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Video: SpaceX launches top-secret spy satellite, lands rocket booster

Sonic booms rattle Space Coast

CAPE CANAVERAL, Fla. – SpaceX launched a top-secret spy satellite Monday for the U.S. government.

The unmanned Falcon 9 rocket lifted off just after 7 a.m. from its NASA-leased pad at Kennedy Space Center in Florida. It hoisted a classified satellite for the National Reconnaissance Office.

Several minutes into the flight, the first-stage booster touched down at Cape Canaveral Air Force Station. SpaceX strives to return most of its first-stage boosters for reuse.

The sky above Cape Canaveral was clear enough that the Falcon 9's boostback return burn could be seen from the ground below.

SpaceX CEO Elon Musk posted a video to social media of the first-stage separation.

“Close-up of rocket stage separation, fast slip, boostback burn in a ring of fire and then landing burn,” Musk said on Instagram.

"It's another good day for us here at SpaceX," a company spokesman said.

Musk said going ahead with the satellite launch was a “tough call,” because of high winds.

This was the fourth SpaceX booster landing at Cape Canaveral. Six Falcon 9 boosters have been recovered after landing on a drone ship in the Atlantic Ocean.

Sonic booms, as usual, rattled the area around the launch site after the booster touched down.

For the first time last month, Spacex launched a previously "flight-proven" booster with an SES satellite and stuck the landing once again on the drone ship Of Course I Still Love You.

SpaceX said an issue with a first-stage sensor issue prompted officials to scrub Sunday's attempt. No other details about the issue were released.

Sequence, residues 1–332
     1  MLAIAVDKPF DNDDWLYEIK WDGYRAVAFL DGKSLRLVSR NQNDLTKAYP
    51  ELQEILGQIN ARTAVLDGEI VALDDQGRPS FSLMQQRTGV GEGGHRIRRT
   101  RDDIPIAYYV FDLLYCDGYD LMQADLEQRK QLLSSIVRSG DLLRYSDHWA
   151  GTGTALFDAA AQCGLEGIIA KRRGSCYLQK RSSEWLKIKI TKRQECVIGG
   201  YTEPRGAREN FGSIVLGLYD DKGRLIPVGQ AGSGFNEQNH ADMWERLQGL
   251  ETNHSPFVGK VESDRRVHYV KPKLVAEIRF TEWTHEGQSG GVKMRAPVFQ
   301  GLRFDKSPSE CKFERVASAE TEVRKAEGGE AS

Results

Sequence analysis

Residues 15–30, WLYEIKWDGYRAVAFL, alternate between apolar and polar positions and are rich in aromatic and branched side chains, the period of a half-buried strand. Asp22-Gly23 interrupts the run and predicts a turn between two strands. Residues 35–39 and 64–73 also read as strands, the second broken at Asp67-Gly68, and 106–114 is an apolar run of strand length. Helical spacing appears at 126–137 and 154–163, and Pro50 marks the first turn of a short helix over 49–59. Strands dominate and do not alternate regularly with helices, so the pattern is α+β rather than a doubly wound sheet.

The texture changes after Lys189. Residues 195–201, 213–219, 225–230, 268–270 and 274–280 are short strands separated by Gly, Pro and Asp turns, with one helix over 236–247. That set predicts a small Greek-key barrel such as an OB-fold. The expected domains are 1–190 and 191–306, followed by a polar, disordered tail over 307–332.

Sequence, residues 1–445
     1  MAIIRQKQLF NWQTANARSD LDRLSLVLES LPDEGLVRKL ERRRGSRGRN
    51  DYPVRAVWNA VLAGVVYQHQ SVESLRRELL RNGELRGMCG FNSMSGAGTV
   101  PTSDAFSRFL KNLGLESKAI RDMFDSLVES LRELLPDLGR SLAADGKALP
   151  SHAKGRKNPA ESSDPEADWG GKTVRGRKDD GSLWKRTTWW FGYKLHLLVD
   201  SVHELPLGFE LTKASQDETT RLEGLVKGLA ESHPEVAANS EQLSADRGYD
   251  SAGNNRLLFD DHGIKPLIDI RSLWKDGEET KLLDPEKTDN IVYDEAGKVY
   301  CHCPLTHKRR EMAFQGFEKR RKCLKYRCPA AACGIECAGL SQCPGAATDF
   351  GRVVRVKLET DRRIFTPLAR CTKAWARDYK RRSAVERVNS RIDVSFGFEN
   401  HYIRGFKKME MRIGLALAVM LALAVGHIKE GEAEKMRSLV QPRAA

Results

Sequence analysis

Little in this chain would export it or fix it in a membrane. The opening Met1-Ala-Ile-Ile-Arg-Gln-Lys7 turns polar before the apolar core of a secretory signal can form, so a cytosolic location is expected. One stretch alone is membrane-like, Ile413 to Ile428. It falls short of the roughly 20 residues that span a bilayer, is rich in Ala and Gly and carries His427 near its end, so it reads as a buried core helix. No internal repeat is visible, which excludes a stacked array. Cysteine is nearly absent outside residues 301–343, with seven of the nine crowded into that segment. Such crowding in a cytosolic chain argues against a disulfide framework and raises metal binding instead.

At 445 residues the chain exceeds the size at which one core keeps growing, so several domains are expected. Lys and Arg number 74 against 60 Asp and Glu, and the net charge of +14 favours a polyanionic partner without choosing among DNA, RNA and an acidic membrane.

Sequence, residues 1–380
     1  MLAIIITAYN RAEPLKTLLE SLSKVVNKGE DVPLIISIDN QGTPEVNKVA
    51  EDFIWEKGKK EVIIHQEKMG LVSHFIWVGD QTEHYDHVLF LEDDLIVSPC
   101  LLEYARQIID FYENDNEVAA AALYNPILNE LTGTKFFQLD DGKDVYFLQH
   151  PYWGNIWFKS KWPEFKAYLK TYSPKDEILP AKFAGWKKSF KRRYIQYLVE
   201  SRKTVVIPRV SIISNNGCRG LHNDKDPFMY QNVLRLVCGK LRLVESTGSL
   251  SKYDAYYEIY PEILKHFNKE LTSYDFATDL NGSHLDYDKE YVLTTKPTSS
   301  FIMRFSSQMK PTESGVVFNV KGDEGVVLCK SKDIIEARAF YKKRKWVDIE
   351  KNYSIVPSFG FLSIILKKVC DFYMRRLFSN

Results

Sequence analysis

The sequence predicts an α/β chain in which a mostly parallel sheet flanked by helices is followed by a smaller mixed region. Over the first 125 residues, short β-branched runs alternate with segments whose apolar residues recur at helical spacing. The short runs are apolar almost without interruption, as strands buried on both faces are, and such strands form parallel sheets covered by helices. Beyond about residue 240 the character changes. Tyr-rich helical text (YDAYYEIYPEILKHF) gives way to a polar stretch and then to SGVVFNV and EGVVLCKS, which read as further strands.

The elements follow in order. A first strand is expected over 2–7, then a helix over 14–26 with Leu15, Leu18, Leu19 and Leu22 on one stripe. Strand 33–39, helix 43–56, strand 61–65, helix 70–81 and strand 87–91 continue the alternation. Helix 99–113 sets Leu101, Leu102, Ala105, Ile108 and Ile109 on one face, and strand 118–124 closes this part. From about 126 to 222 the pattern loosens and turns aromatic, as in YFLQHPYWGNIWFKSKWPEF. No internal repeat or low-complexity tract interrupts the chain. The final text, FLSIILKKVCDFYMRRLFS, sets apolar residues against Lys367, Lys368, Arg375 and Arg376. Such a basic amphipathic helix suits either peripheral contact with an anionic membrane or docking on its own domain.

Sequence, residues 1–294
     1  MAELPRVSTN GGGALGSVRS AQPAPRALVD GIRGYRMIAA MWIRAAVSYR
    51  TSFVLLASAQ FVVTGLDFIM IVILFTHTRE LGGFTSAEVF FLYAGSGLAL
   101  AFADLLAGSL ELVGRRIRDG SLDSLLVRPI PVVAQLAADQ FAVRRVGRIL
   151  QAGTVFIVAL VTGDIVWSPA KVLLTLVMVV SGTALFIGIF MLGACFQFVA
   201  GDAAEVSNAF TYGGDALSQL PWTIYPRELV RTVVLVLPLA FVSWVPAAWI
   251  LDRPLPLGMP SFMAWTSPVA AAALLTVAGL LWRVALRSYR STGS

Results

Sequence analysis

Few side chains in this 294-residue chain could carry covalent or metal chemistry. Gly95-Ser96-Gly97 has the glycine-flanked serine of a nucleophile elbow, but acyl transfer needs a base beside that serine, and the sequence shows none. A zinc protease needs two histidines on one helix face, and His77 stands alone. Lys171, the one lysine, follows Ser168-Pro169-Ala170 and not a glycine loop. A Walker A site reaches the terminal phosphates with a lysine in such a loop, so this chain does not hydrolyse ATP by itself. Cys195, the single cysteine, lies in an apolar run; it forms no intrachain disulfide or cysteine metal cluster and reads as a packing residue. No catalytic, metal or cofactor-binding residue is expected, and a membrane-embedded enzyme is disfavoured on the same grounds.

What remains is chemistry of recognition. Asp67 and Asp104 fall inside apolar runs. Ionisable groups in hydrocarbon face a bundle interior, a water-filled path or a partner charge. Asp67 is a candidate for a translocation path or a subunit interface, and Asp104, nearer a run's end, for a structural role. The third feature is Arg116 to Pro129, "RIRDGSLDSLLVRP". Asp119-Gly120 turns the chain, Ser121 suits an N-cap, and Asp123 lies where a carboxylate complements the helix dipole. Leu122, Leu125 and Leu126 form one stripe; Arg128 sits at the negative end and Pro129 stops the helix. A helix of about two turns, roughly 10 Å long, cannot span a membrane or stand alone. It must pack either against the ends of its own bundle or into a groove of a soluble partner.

[RAW VIDEO: WATCH LAUNCH, LANDING IN VIDEOS BELOW]


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Despite the dry conditions and more than 100 brush fires burning around Florida, Kennedy Space Center officials said the area around the launch pad is managed year-round to prevent such fires.

The space center is located on the Merritt Island National Wildlife Refuge. The Florida Department of Agriculture and the Department of Interior periodically do controlled burns on the property to help prevent brush fire conditions from forming.

After launch, SpaceX will attempt to land the Falcon 9's first stage back at Cape Canaveral Air Force Station's Landing Zone 1.

The company said area residents might hear one or more sonic booms during the landing. Orlando residents reported hearing the thunderlike noise several minutes after the first successful land return in December 2015.

The ground landing of the 15-story booster will be the fourth, if it is successful. Six Falcon 9 boosters have been recovered after landing on a drone ship in the Atlantic Ocean.

For the first time last month, Spacex launched a previously "flight-proven" booster with an SES satellite and stuck the landing once again on the drone ship Of Course I Still Love You.

The first stage of a SpaceX Falcon 9 rocket is towed into Port Canaveral aboard the drone ship "Of Course I Still Love You," before dawn Tuesday, April 4, 2017 in Port Canaveral, Fla.

It was a proud moment for SpaceX CEO Elon Musk that took more than 15 years to accomplish.

"It means you can fly and refly an orbital-class booster, which is the most expensive part of the rocket," Musk said after the mission's success. "This is going to be a huge evolution in space flight."

Musk wants to eventually reuse the payload fairings as well. After SES-10 launched on March 30 SpaceX guided the 13-meter tall fairings to a soft landing.

The two shells of the fairings create the nose cone of the rocket and measure 13-meter-tall and more than 5 meters wide. They cost several million dollars each, Musk has said.

Satellite manufacturer SES was the first to take advantage of the discount SpaceX offered for a preflown rocket.

Sunday's mission for NRO is one of the company's first scheduled for government agencies coming up.

SpaceX was recently awarded a $96.5 million U.S. Air Force contact to launch a national security satellite, the Global Positioning System III.

United Launch Alliance, a Boeing and Lockheed Martin joint venture, was previously the only company certified to launch national security space missions.

ULA also bid on the mission.


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